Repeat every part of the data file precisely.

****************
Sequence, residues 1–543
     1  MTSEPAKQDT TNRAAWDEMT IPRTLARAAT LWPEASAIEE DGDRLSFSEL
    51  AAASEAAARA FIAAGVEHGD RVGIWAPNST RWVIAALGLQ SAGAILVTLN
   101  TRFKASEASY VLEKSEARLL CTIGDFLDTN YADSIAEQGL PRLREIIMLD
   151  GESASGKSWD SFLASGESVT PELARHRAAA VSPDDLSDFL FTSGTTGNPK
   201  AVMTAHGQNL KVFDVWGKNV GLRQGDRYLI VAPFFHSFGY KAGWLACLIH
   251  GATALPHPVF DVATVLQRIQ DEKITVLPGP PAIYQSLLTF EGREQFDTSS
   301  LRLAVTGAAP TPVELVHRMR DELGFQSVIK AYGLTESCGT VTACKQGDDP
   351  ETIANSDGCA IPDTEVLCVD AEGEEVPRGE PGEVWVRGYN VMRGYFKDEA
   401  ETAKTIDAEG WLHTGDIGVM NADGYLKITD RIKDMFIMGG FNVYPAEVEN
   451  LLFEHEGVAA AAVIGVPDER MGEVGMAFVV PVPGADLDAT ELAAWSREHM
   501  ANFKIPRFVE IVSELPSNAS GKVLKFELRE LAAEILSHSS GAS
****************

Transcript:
Sequence, residues 1–543
     1  MTSEPAKQDT TNRAAWDEMT IPRTLARAAT LWPEASAIEE DGDRLSFSEL
    51  AAASEAAARA FIAAGVEHGD RVGIWAPNST RWVIAALGLQ SAGAILVTLN
   101  TRFKASEASY VLEKSEARLL CTIGDFLDTN YADSIAEQGL PRLREIIMLD
   151  GESASGKSWD SFLASGESVT PELARHRAAA VSPDDLSDFL FTSGTTGNPK
   201  AVMTAHGQNL KVFDVWGKNV GLRQGDRYLI VAPFFHSFGY KAGWLACLIH
   251  GATALPHPVF DVATVLQRIQ DEKITVLPGP PAIYQSLLTF EGREQFDTSS
   301  LRLAVTGAAP TPVELVHRMR DELGFQSVIK AYGLTESCGT VTACKQGDDP
   351  ETIANSDGCA IPDTEVLCVD AEGEEVPRGE PGEVWVRGYN VMRGYFKDEA
   401  ETAKTIDAEG WLHTGDIGVM NADGYLKITD RIKDMFIMGG FNVYPAEVEN
   451  LLFEHEGVAA AAVIGVPDER MGEVGMAFVV PVPGADLDAT ELAAWSREHM
   501  ANFKIPRFVE IVSELPSNAS GKVLKFELRE LAAEILSHSS GAS